Sunday, March 28, 2004

Should Tommy get a raise?
Here's what ESPN's Len Pasquarelli wrote Friday:
"...Look for Steelers quarterback Tommy Maddox or his agent to start making noise again about the player's contract. Maddox was disappointed that Pittsburgh didn't upgrade his deal in 2003, but bit his tongue. That silence won't last much longer."
Here's what Maddox is scheduled to make over the remainder of his contract: $750,000 in 2004 and 2005 and $900,000 in 2006. Looking at list of quarterback salaries in 2002 (the last year I could find data), Maddox ranked 51st out of 103 -- and given that there are only 32 teams in the league, that means 19 backups made more than he did. In 2003 his QB rating ranked 18th out of 30 and his TD/INT differential ranked 17th best (plus 1).

I don't think anyone would argue that Tommy Maddox is overpaid and most people think he deserves a raise -- especially when he replaced a QB in 2002 that was making over $6 million. The question is whether the Steelers promised to rework his contract after they evaluated his 2003 season. And don't forget, Maddox signed with the Steelers in 2001, fresh off his MVP performance in the XFL with absolutely no prospects in the NFL. If he were still a backup, I'm sure his salary would be a nonissue, but given that he's now the starter -- and his backup makes more than he does (at least in base salary) -- he's sure to have a beef with the front office. But does he have a right to complain?

When thinking about what determines a QB's salary, the following are at or near the top of the list: TDs, INTs, QB rating and perhaps most importantly, winning percentage.

I took a look at data from the 2003 seasons to see if there was a relationship between salaray and performance at the QB position. Specifically, was salary a predictor of TD passes, interceptions, QB ratings or winning percentage. The thinking was that the more a QB is paid, the better his numbers should be. Of course there are other things to consider, like did the player improve over time, did the player switch teams (Plummer, for example), did the team overhaul personnel (i.e. rebuild) or did a big part of the offense miss a substantial part of the season (what would happen to the Vikings if Randy Moss went down, for example)?

In general, however, one would think that there should be a relationship between performance and pay, right? Well, when looking at the 2003 season, there was absolutely no correlation between salary and performance for the 32 starting QBs in the NFL. And when I say performance I mean TDs, QB rating, completion percentage, winning percentage and TD/INT differential. Now it could be the case that QBs have improved from one year to the next, and past performance certainly plays a part in salary. Knowing that, I decided to look at the 2002 statistics and compare any improvement/decline to the 2003 season. Again, no relationship between salary and performance.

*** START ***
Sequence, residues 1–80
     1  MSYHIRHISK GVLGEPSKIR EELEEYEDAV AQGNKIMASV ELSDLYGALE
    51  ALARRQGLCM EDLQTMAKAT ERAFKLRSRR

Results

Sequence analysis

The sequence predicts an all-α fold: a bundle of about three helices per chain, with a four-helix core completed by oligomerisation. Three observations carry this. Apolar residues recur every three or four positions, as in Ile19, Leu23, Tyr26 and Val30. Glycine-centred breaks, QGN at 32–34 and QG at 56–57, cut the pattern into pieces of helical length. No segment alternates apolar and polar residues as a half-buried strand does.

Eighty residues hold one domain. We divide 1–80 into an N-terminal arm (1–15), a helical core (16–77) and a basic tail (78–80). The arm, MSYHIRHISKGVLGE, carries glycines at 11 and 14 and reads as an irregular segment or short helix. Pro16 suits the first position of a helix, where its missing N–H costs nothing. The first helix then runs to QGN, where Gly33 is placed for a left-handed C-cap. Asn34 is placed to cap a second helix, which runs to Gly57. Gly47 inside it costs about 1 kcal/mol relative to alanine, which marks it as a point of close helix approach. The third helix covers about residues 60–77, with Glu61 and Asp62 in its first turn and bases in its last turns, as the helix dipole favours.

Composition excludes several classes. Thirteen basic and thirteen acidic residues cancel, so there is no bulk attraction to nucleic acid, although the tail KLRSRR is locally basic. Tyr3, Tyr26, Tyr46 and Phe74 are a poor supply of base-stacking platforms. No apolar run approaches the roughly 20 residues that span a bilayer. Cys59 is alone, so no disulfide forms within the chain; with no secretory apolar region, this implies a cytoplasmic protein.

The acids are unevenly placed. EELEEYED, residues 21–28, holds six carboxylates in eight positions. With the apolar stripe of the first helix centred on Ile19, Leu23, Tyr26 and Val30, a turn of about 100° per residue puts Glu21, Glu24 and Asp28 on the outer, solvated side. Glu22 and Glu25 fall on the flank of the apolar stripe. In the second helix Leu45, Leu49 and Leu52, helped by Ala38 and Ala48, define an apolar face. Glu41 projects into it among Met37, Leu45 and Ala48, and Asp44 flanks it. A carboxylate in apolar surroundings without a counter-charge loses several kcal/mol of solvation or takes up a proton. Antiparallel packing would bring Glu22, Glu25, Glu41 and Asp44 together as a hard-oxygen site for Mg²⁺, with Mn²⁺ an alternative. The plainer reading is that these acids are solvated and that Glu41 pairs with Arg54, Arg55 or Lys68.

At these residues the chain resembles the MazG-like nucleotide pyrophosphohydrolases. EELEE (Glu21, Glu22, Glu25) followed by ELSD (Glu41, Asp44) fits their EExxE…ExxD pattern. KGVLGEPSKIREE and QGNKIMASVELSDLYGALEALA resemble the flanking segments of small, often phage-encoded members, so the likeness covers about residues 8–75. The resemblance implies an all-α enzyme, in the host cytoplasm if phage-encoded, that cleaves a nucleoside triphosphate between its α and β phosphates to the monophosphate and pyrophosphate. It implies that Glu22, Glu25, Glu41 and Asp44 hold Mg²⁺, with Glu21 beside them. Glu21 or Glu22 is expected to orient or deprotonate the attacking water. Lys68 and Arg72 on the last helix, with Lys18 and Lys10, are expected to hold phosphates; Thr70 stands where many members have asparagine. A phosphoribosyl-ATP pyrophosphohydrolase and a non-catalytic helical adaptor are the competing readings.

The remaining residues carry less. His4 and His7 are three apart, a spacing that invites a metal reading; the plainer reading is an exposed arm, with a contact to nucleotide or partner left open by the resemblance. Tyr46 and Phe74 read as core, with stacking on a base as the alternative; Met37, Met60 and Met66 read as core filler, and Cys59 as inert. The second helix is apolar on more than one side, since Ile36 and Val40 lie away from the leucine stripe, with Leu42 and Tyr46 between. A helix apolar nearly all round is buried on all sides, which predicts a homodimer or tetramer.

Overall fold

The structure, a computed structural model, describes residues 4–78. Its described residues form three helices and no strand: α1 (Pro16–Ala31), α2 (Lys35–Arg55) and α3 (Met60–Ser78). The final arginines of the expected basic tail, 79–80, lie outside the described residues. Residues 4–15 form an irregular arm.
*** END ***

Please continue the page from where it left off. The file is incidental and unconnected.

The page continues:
Initially, I went through this exercise to come up with a model that would give an estimate of what Tommy should be paid based on his performance (and based on how his peers were paid for their performance). But given that there was no discernable relationship between salary and pay, it raises a new (and maybe more interesting) question, are QBs being paid what they are worth? I don't think anyone would argue that Peyton Manning is the most valuble member of the Colts, but why does Drew Bledsoe make over $5 million a year in Buffalo? And even though Mark Brunell enjoyed some success in the late 1990's, why has Joe Gibbs, in the minds of most NFL people, overpaid for his services -- especially when he has a young star-in-the-making, Patrick Ramsey making relatively little in comparison?

So getting back to the question of whether or not Tommy Maddox deserves a raise, I think the answer is probably 'yes.' If for no other reason than he's one of the lowest paid starting QBs in the league -- and he's been an above-average QB for the Steelers. I'm not saying the Steelers should break the bank, but maybe they should give him a contract with more performance incentives (which I think is better than upfront money anyway).

Of course, all this talk of more money assumes that the Pittsburgh front office promised to rework his contract at the end of last season. Now if that conversation never took place, the question becomes what would Maddox be doing now if the Steelers never gave him a chance? Or what if Kordell Stewart didn't go in the tank and was still starting in Pittsburgh?

I think the important thing to ask yourself if your Cowher and Company is, "How can we expect a player to go to battle every week (and after battling for the last two seasons) knowing that we don't think enough of his talent to pay him the median QB salary?" Of course if the Steelers don't think enough of Maddox to pay him more, that may be an indication they're willing to go with him one more season (or even go with Charlie Batch in 2004) and draft a QB early this April. Either way, this will be fun to watch.